Smartphone App Detects Pediatric Eye Cancer from Family Photos

Baylor University researchers have created a mobile health app that helps parents detect early signs of eye disease, such as retinoblastoma, in their children. This app, CRADLE (Computer Assisted Detector Leukocoria), was developed by Baylor researchers Bryan F. Shaw, PhD, professor of chemistry and biochemistry, and Greg Hamerly, PhD, associate professor of computer science. Their study evaluating CRADLE was published in Science Advances on October 2.  

The app searches for abnormal reflections in the retina that constitute leukocoria, or “white eye”. This is a characteristic symptom of retinoblastoma, an aggressive eye cancer seen in pediatric patients, and several other eye disorders. This study found that CRADLE was effective in enhancing the traditional screening procedure for leukocoria. These findings indicate that the app could be a powerful tool in simplifying the screening process for parents of developing children.

First author Michael Munson, Baylor senior University Scholar, claims that their prototype’s sensitivity, accuracy, and specificity was determined by analyzing over 50,000 images of children taken before they were diagnosed. For pediatric patients with diagnosed eye disease, CRADLE correctly detected leukocoria for 80% of them. The app also detected leukocoria in images taken an average of 1.3 years before the official diagnosis.

Traditional eye screening during a general physical examination only shows signs of retinoblastoma through leukocoria detection in 8% of cases. The Baylor researchers’ app displayed a sensitivity for children aged 2 years or younger at over 80%, which is considered the gold standard of sensitivity by ophthalmologists according to Munson.

In addition, CRADLE was able to make these predictions by simply analyzing family photos of the children. With such photos of children often being prevalent, it is a convenient means of diagnosis for the app to leverage. The researchers note that as the algorithm driving their app has developed further, it has gained the ability to detect very subtle cases of leukocoria.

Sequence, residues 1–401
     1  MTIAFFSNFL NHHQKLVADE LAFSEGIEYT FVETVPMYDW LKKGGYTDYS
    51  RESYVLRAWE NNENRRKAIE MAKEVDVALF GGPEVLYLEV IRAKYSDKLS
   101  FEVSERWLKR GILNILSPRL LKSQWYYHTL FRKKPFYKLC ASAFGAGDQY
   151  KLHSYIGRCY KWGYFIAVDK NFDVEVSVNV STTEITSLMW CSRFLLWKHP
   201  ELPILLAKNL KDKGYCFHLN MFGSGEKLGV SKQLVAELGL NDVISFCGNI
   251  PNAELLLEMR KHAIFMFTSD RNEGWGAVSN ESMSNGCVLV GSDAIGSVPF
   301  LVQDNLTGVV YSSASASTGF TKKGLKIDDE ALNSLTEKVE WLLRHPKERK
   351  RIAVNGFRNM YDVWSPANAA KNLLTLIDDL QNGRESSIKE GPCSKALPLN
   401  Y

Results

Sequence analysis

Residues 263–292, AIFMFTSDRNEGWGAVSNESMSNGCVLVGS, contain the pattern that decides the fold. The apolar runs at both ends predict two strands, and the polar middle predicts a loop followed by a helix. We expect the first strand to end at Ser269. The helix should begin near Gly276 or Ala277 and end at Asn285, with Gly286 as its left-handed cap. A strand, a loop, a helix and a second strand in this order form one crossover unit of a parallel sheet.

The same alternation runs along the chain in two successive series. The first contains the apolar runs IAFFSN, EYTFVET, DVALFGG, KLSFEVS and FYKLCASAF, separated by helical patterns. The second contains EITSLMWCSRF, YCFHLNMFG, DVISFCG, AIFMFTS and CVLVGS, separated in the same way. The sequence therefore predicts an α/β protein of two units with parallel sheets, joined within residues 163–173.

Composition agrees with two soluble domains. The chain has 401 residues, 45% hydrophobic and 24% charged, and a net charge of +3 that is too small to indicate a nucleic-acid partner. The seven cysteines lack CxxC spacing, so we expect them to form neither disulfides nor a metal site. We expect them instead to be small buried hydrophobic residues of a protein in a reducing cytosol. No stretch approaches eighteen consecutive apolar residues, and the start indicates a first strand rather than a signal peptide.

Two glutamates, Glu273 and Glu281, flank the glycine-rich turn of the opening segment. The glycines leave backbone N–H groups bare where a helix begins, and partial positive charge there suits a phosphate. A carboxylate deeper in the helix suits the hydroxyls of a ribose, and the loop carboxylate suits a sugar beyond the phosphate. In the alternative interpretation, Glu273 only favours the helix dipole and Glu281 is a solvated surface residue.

“This is one of the most critical parts of building the app,” explained Shaw. “We wanted to be able to detect all hues and intensities of leukocoria.

CRADLE was created to detect retinoblastoma, the most common eye cancer in children 5 years of age and younger. The creation of the current app stemmed from Shaw’s experience raising a child with retinoblastoma. Shaw’s son lost his right eye to the disease but was able to have his left saved.

“As a parent of a child with retinoblastoma, I am especially interested in detecting the traces of leukocoria that appear as a ‘gray’ pupil and are difficult to detect with the naked eye,” he said.

Shaw and Hamerly made the CRADLE app together in 2014, debuting for iOS devices. The following year they created an app that is compatible with Android devices.

“We suspected that the app would detect leukocoria associated with other more common disorders and some rare ones,” Shaw said. “We were right. So far parents, and some doctors, have used it to detect cataract, myelin retinal nerve fiber layer, refractive error, Coats’ disease, and of course retinoblastoma.”

Shaw noted that their team is currently retraining their predictive algorithm using an additional 100,000 images. To reduce misdiagnoses, they are also exploring additional features to add to their app.